I also made the choice to finish the aluminum with a fine brushed finish that goes along the direction of the grill. Using long straight strokes by hand with 120 grit sandpaper. I am happy with the bright shine I am getting.
I then jumped over to the air spring bracket. I drilled and tapped a hole to mount to the rear plate of the grill.
I have a small spring scale but it didn't have the capacity to lift the grill. To fix this limitation I 3D printed a small pulley and mounted it to the bracket attached to the grill backplate.
I strung some paracord through the pulley, held one side and tied the other to the spring scale. Pulled both ends up and was SUPPOSED to get the numbers I needed to choose an appropriate spring.
After getting the numbers from my pulley setup, the poundage didn't make sense as I should have been able to lift the grill just outside the range of my scale. When I lifted the grill with the scale I could clearly tell I was more than a few pounds beyond my scale's range. Because my bracket is so close the backplate, the diameter of the pulley was actually playing into the test more than expected! I ended up using a very smooth 1/4" oak dowel and retesting. Numbers are now making way more sense at about 25lbs of force required to lift the grill from its closed position.
I'll get that ordered soon! I'm excited to see this working.
Those curves are looking beautiful.
An incredible hassle to grind, sand & polish them to shape but my goodness does it look worth it!
Kudos to you for sticking with it and not doing a 'that'll do' job
In the summer heat its been tempting to say that'll do! I'm really excited for the results though so I'm pushing on. Thank you for the support Theo!
I'd save the fine grit work for Fall/Winter. It's TOO d*mn hot this year. Besides, it's likely to get scratched up in the construction process.
simply wow. this is gonna be great
Don't jinx me!
No, not me.
Thank you! I'm super excited for your Qin build!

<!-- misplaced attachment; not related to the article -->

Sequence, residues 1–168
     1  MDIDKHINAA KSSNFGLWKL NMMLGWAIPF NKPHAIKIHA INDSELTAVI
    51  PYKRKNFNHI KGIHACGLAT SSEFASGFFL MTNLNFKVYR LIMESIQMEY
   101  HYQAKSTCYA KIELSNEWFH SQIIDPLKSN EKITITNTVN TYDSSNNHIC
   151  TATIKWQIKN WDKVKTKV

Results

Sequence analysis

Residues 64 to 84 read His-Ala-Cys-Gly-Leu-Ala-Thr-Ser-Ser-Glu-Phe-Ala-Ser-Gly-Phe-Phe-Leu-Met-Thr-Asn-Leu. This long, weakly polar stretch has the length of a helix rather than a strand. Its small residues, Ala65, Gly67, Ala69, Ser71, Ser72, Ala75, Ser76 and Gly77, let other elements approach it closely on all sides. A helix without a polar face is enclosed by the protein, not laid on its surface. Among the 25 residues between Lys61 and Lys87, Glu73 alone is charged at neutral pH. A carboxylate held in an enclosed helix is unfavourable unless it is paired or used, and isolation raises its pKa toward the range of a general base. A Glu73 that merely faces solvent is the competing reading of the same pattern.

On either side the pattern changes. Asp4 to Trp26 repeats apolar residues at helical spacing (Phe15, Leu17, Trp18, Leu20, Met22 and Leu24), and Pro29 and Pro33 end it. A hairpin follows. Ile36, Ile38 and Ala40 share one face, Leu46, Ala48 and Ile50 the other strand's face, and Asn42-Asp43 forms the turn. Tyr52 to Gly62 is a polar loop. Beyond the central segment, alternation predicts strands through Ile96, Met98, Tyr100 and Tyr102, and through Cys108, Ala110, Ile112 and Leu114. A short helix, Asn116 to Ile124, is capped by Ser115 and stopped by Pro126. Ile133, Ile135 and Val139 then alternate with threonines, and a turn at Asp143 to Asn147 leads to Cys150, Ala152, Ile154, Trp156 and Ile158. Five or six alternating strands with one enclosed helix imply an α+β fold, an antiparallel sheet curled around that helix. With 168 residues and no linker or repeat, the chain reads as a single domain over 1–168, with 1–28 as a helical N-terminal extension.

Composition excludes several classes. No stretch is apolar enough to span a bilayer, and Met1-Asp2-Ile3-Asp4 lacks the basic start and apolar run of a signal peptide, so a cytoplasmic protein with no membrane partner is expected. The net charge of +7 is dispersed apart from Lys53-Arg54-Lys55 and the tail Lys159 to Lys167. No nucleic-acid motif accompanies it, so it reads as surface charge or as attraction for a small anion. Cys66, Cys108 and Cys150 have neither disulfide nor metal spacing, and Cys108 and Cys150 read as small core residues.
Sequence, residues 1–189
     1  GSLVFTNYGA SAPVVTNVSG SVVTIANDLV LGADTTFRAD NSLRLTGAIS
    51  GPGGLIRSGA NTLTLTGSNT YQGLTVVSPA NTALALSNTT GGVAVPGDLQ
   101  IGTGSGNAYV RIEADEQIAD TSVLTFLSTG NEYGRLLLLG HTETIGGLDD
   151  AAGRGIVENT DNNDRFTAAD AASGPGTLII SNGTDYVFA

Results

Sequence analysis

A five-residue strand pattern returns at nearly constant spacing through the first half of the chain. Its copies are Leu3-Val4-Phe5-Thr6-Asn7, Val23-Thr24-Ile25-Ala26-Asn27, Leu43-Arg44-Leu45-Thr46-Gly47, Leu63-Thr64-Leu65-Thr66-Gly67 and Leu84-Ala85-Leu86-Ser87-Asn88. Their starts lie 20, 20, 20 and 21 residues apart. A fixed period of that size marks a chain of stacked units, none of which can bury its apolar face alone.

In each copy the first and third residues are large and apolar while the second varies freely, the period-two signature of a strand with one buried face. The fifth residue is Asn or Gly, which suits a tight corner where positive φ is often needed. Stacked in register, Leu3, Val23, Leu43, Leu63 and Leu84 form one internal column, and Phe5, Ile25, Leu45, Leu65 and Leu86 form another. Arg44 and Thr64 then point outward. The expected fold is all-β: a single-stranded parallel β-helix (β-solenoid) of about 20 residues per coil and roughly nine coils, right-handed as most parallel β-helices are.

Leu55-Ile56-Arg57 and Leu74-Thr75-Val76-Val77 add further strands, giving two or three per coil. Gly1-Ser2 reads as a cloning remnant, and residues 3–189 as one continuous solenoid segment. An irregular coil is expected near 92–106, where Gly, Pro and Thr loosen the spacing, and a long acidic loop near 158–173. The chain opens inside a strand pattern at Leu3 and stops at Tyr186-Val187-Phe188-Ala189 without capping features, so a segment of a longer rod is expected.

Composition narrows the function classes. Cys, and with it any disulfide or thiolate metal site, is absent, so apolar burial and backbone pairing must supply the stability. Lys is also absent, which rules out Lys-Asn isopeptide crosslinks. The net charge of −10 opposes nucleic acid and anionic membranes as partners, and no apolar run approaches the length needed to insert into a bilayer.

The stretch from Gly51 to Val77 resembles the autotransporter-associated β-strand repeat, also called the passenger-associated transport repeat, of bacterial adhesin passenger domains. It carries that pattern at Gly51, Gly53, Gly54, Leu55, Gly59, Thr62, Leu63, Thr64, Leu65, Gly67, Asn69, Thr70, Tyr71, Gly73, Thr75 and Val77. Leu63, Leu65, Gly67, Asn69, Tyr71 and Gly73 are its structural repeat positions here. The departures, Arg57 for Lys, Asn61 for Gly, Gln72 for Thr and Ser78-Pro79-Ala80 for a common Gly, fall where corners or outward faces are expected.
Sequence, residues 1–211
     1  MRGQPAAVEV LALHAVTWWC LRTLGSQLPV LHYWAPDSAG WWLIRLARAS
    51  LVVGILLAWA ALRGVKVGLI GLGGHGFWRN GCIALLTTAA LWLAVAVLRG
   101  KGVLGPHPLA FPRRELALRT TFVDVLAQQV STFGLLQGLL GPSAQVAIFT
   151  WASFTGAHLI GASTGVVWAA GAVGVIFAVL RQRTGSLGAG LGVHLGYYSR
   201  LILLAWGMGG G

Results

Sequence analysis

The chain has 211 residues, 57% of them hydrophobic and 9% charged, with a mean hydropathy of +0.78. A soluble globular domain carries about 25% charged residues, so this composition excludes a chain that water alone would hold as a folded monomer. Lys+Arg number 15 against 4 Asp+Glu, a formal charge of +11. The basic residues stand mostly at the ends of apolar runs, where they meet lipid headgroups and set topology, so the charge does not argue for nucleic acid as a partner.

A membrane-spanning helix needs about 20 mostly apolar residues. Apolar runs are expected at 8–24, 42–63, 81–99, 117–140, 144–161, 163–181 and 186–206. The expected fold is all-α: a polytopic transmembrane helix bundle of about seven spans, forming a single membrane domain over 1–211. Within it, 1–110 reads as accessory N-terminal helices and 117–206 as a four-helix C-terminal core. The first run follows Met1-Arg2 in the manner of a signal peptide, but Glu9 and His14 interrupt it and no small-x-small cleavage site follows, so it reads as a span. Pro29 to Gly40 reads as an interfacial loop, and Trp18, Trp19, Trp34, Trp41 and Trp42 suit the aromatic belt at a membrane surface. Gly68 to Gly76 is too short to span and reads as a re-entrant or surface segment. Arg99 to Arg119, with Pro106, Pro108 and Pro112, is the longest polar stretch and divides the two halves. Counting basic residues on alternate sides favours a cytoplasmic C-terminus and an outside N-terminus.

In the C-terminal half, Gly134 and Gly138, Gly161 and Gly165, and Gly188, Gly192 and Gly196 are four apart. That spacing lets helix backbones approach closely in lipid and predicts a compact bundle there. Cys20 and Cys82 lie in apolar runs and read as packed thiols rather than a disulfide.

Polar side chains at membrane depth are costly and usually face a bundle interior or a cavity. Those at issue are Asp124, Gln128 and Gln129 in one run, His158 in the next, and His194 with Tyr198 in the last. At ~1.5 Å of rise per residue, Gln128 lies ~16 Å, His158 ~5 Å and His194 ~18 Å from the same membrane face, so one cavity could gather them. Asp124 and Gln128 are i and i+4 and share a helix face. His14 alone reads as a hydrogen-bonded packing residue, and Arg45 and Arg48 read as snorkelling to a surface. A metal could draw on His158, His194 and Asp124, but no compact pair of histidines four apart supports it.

Who else is happy about this long weekend?!
So that back of the grill had some tails that needed to be cut off now that the shaping is all done. I started by putting a little tape on the back plate to protect it slightly. I grabbed a reciprocating saw, threw a couple drops of oil on the blade and chopped the pieces off as close to the backplate as I could.
The vibrations of the saw broke one of the little welds on a grill unfortunately. With the hours of grinding, sanding, sawing, ect. I've definitely learned that small aluminum welds are not really as strong as you would hope.
I started grinding what was left off with a rough fiber wheel on the grinder.
I was a little discouraged at the welds being less strong than I hoped and the one that was now broken. These welds to the backplate are where all the force of the grill hangs from the grill is opened. So they need to be well attached so this lasts a very long time.
I made the choice to screw them to the back plate. Using some nice looking M3, black, button head cap screws to be exact. I marked out the center points to start.
Now most of these were welded so I had to drill through the grills and backplate together with my 2.5mm drill (the one for tapping M3 threads) I then came back with a 3.5mm drill and drilled through only the grills so that I was only tapping the backplate. I then ran my M3 tap through all the holes in the backplate.
I put my screws in and like how it looks a lot! Kind of gives your eye something to stop on when you look down the length of the grill.
Now that you mention it, that's a ton of twisting force on the back. Getting something to hold on to the center rail is looking really important to me.
Well thanks! This is definitely the way to go